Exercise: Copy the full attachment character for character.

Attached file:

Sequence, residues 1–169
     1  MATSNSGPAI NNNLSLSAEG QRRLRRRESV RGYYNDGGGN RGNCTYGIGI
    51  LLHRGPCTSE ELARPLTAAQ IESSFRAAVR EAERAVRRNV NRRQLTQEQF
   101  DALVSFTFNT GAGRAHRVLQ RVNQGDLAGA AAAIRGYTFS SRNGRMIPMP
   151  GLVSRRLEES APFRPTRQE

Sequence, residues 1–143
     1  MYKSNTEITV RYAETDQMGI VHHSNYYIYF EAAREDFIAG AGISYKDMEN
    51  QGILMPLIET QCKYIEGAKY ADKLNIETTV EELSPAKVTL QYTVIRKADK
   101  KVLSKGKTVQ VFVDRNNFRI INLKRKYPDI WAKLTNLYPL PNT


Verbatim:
Sequence, residues 1–169
     1  MATSNSGPAI NNNLSLSAEG QRRLRRRESV RGYYNDGGGN RGNCTYGIGI
    51  LLHRGPCTSE ELARPLTAAQ IESSFRAAVR EAERAVRRNV NRRQLTQEQF
   101  DALVSFTFNT GAGRAHRVLQ RVNQGDLAGA AAAIRGYTFS SRNGRMIPMP
   151  GLVSRRLEES APFRPTRQE

Sequence, residues 1–143
     1  MYKSNTEITV RYAETDQMGI VHHSNYYIYF EAAREDFIAG AGISYKDMEN
    51  QGILMPLIET QCKYIEGAKY ADKLNIETTV EELSPAKVTL QYTVIRKADK
   101  KVLSKGKTVQ VFVDRNNFRI INLKRKYPDI WAKLTNLYPL PNT